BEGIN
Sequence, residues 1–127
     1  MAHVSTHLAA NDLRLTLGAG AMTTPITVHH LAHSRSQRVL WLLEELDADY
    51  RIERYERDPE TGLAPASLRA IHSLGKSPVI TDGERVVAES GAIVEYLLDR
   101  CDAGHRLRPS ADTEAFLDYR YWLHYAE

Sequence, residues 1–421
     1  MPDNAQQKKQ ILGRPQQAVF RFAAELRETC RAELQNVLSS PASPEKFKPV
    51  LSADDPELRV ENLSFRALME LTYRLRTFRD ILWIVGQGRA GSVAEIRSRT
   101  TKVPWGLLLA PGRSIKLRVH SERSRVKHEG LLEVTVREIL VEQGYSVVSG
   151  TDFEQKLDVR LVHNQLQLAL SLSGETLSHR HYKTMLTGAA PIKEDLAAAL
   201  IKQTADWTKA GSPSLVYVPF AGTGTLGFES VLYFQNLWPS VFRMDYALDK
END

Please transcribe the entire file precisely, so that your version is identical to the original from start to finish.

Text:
Sequence, residues 1–127
     1  MAHVSTHLAA NDLRLTLGAG AMTTPITVHH LAHSRSQRVL WLLEELDADY
    51  RIERYERDPE TGLAPASLRA IHSLGKSPVI TDGERVVAES GAIVEYLLDR
   101  CDAGHRLRPS ADTEAFLDYR YWLHYAE

Sequence, residues 1–421
     1  MPDNAQQKKQ ILGRPQQAVF RFAAELRETC RAELQNVLSS PASPEKFKPV
    51  LSADDPELRV ENLSFRALME LTYRLRTFRD ILWIVGQGRA GSVAEIRSRT
   101  TKVPWGLLLA PGRSIKLRVH SERSRVKHEG LLEVTVREIL VEQGYSVVSG
   151  TDFEQKLDVR LVHNQLQLAL SLSGETLSHR HYKTMLTGAA PIKEDLAAAL
   201  IKQTADWTKA GSPSLVYVPF AGTGTLGFES VLYFQNLWPS VFRMDYALDK